When the family gathers, conversation ranges. There’s always someone – maybe grandpa or an uncle or your teen-aged son – who starts telling jokes. Some funny! Some not. Some about sex. Some downright offensive.
Can’t take a joke?
My clients have been wrestling with this lately. What do you do about inappropriate jokes? What do we teach our kids to do when they’re uncomfortable?
First of all, let me assure you that this isn’t much ado over nothing. If you’re uncomfortable, that’s all there is to say. You intuitively know that this isn’t healthy, and you’re right: here’s a study that specifically tested whether sexist jokes resulted in greater discrimination. It did.
You feel your boundaries crossed. The next step is to take action, not go passive. What’s the best way to confront?
Defending your boundaries
I suggest a quick confrontation and then move on quickly. As in, ““Aww, that’s not cool…So what present did you decide to get grandma?” Aim for a warm and indulgent tone, not cold and judgy.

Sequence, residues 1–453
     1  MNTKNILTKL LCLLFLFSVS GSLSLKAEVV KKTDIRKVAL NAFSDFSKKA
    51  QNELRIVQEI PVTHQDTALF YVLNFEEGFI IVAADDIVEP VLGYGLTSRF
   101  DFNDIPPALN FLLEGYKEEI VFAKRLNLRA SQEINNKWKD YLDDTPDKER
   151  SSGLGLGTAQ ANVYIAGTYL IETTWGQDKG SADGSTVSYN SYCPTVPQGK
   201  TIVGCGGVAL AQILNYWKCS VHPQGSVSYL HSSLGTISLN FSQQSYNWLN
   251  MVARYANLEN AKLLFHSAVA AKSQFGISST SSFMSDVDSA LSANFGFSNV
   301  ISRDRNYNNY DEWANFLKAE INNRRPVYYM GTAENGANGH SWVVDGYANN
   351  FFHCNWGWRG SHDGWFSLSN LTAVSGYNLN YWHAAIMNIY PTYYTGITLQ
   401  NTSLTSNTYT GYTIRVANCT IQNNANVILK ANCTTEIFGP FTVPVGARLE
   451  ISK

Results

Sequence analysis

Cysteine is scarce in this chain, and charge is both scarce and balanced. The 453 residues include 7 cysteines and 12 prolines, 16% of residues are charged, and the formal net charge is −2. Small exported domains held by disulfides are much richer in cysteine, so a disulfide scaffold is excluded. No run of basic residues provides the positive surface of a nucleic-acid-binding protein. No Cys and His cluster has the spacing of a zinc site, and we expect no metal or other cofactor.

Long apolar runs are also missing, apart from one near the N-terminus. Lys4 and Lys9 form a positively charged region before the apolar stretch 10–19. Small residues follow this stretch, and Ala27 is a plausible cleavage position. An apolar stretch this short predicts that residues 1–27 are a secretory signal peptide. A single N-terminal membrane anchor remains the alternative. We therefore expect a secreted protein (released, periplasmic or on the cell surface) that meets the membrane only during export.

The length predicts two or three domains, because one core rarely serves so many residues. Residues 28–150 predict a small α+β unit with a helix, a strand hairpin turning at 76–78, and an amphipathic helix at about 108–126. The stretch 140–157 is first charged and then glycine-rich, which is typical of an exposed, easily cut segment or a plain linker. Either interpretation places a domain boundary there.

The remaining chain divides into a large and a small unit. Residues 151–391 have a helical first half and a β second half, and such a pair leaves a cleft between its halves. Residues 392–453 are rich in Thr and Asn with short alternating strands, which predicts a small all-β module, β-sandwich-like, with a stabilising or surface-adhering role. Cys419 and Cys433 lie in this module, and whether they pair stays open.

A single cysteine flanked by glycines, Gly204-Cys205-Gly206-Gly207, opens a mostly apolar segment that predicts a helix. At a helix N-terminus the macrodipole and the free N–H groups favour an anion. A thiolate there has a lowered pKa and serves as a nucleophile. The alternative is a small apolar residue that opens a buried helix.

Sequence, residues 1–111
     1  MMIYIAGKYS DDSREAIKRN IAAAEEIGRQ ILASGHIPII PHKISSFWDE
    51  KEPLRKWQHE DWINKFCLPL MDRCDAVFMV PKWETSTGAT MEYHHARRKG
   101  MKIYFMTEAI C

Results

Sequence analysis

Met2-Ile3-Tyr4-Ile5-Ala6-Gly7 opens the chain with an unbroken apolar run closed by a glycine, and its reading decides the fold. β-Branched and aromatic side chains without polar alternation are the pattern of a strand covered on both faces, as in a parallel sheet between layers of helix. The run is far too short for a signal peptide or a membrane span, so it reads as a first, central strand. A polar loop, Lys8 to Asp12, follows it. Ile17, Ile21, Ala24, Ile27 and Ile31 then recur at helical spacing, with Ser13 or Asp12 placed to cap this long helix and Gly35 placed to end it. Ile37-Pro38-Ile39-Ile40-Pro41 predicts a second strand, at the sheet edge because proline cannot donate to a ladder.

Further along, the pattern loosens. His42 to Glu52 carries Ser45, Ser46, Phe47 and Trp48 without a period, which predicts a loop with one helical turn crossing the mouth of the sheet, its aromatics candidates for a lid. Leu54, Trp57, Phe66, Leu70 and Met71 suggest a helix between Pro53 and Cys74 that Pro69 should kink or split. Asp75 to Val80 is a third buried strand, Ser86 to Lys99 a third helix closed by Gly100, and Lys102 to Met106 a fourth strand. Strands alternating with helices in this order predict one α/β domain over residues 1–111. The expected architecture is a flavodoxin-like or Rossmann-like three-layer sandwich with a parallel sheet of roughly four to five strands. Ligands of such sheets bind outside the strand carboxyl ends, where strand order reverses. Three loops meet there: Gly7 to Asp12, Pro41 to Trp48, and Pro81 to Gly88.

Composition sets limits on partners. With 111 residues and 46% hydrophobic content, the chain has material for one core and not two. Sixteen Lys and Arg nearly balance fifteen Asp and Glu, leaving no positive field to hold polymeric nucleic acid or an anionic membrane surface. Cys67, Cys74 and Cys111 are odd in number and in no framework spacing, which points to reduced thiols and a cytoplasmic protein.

Moving on quickly is key. If you pause, the person you’re confronting will be unsure how to respond. Maybe you’re offended? Maybe you’re waiting for them to apologize? They don’t know how to recover and might get defensive. Redirecting with a new topic lessens the impact. You’ve batted away the comment and preserved the relationship.
This is a key skill for our boys. They will hear the “locker room talk,” and an uncomfortable laugh is still a laugh. The jokester counts it as a win.
Hearing just one dissenting voice liberates the group. There might be several people who are uncomfortable, all wondering if they’re “oversensitive”, which inhibits them from taking action.
Studies show that the social courage is contagious. After one person speaks up, others become willing to confront as well. That’s leadership!
Let you boy know that this is the path to being his group’s moral leader. It wins respect and status.
Not only that, it sets the standard for our families and social circle. There’s no reason you have to suffer through uncomfortable sexist or racist jokes. Have courage and confront gently. Help your loved ones shift and grow so there’s more love and less yuck.
In support of you,
P.S. This confrontation skill is just a piece of the Boundaries work I do with my clients. If you’re interested in learning to have better boundaries yourself, or how you can teach boundaries skills to your kids, consider joining the group coaching program or online course in 2019.